Wednesday, May 22, 2013

A game in Cedar Rapids, Part III: The infield

Jorge Polanco, playing shortstop, reacts to a pitch.
Byron Buxton may be the biggest reason for Minnesotans to make the trek to Cedar Rapids to see the Twin's low-A affiliate, but the Kernels have a number of other significant prospects on the roster.

Niko Goodrum tried his
hand at first base Monday.
Not all of them were in the lineup Monday, and some of those who were, were in unusual positions.

D.J. Hicks, the usual first baseman and cleanup hitter in Jake Mauer's lineup, sat out Monday's game. Niko Goodrum is usually the shortstop and No. 2 hitter; on Monday he played first base and hit third. Jorge Polanco, usually the second baseman and No. 3 hitter, played short and hit cleanup. Travis Harrison was at his accustomed third base and hit fifth.

Goodrum, Polanco and Harrison are all significant prospects. Goodrum was a second round selection in the 2010 draft. Polanco, still a teenager (he turns 20 in July) was signed as a free agent out of the Domincan in the same summer as Miguel Sano; Sano's signing overshadowed Polanco's, but Polanco got a $700,000 bonus as a 16-year-old, evidence of his perceived talent. And Harrison was a supplemental first round pick in 2011.

Some observations:

Polanco has hit probably better than anticipated the past two seasons (he was hitting .326 on the season Monday, according to the scoreboard), but his arm has been described as probably too weak for shortstop. I'll buy that critique. He had one play Monday on which he ranged well to his left to scoop the grounder only to make a terrible throw to first base. He had another in which he backhanded the ball but then dropped it trying to hurry his transfer.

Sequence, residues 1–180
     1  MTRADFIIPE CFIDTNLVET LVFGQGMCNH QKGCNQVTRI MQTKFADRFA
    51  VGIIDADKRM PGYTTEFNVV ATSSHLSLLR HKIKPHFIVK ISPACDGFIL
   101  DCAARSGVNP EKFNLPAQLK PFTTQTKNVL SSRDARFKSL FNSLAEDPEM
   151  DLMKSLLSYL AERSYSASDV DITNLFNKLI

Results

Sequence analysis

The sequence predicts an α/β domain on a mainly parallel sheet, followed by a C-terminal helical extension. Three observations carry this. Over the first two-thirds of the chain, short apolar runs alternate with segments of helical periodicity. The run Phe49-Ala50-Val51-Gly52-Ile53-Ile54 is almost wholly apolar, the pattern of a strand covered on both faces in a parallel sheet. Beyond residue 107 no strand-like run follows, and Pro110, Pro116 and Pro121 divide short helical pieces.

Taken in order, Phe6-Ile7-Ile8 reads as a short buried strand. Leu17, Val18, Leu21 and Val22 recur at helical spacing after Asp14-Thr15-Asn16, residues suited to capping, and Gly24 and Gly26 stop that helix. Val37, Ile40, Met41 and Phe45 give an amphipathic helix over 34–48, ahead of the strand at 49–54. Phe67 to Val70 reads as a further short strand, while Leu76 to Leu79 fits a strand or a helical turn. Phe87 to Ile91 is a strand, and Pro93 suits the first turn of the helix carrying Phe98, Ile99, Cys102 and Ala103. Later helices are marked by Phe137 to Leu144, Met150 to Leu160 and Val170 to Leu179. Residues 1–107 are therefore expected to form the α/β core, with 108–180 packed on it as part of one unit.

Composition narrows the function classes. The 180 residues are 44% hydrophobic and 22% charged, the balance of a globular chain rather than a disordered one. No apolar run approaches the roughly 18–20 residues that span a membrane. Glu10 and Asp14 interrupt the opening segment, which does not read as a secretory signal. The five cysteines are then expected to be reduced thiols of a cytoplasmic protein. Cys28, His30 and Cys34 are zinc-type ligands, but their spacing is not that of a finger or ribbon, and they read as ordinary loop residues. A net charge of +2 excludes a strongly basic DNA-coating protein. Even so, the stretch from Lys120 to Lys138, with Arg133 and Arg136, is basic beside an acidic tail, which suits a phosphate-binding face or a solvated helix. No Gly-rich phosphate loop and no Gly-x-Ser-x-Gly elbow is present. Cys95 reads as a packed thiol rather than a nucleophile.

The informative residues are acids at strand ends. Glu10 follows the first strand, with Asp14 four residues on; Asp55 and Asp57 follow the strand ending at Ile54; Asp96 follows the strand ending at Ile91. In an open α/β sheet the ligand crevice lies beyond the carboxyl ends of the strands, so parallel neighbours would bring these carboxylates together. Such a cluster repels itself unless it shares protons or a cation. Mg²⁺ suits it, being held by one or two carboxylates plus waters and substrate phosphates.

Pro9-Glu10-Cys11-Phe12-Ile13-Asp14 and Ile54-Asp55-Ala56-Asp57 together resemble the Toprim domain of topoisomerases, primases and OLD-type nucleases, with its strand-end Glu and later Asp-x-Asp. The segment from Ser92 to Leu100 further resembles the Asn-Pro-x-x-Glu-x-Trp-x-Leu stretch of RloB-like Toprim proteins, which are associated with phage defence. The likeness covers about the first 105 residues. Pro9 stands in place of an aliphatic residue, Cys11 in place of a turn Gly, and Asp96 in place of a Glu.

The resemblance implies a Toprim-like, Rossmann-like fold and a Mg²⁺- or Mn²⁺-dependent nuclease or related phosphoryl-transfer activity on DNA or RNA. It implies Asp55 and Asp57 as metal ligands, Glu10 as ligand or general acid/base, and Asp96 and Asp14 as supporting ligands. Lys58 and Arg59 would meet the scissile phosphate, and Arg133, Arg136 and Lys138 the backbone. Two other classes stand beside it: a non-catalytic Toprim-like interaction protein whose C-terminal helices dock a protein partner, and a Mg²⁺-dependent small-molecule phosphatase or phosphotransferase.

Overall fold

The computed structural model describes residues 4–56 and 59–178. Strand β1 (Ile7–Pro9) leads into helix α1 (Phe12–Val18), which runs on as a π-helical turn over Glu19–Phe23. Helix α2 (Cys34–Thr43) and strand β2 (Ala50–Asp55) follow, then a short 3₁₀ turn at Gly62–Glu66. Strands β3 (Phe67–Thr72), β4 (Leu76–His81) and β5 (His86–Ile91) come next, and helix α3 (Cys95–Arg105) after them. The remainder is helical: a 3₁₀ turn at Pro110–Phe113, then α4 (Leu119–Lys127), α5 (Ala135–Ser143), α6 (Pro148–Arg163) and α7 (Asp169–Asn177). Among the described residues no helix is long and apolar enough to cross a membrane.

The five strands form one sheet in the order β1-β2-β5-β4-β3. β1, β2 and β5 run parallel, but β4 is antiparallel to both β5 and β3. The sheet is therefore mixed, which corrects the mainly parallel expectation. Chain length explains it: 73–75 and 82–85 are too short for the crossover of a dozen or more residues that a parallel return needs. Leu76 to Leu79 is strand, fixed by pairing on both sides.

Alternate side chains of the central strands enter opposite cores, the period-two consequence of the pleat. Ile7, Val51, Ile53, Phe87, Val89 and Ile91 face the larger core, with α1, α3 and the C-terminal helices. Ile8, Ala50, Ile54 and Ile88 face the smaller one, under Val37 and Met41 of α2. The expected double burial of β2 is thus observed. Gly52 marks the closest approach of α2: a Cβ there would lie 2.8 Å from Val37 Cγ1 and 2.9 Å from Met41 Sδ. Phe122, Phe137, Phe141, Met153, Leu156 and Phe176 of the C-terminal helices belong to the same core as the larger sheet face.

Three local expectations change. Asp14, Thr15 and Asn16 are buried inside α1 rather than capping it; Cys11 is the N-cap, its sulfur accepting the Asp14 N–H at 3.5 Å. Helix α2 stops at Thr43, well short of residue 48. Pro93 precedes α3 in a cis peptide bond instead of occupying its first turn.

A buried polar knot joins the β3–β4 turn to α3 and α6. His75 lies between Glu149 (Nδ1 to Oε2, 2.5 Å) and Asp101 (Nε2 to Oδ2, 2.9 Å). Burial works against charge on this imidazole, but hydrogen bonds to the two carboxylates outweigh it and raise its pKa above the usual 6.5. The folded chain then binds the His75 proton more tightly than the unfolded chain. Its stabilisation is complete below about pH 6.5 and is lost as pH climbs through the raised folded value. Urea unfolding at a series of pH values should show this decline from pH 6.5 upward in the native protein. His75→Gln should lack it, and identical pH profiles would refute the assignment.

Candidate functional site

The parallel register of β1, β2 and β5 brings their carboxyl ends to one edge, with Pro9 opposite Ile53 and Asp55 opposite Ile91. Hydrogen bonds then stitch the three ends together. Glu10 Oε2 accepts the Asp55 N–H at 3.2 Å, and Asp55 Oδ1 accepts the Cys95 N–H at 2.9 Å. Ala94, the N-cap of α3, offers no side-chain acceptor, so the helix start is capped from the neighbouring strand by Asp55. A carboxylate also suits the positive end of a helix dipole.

The problem for Polanco as a second baseman is that Eddie Rosario, an even better-regarded prospect, is playing well there a level ahead of him. It makes sense for the Twins to try to push Polanco at shortstop.

At the plate Monday, Polanco was 0-for-3 with a walk and a sac fly.
Travis Harrison awaits the pitch he
swatted out of the park in the seventh
inning.

Goodrum didn't look like a novice at first base, but he's not likely to have that position be a big part of his future. He's listed as 6-foot-4, 200 pounds, and he looks it — long and slender. He was 1-for-4, but what a one — a bases-loaded triple in the sixth that put the Kernels ahead to stay. He's not as fast as Byron Buxton (who is?) but he flew around the bases on that triple.

The big question with Goodrum is whether he's destined to play short, and watching him play first does little to suggest an answer to that question. I'm not sure he has the bat to play a less demanding position.

Harrison can hit, and showed it: 3-for-4 with a home run. But his ability to remain at third base has been questioned, and he didn't look good in the field. Some third basemen can get by with range that amounts to a step and a dive; Harrison didn't show even that Monday.

Like Polanco, Harrison is a level behind a better prospect at his position (in Harrison's case, Sano). I rather suspect one of the two will wind up at first base if they both become regulars with the Twins.

No comments:

Post a Comment

Post a Comment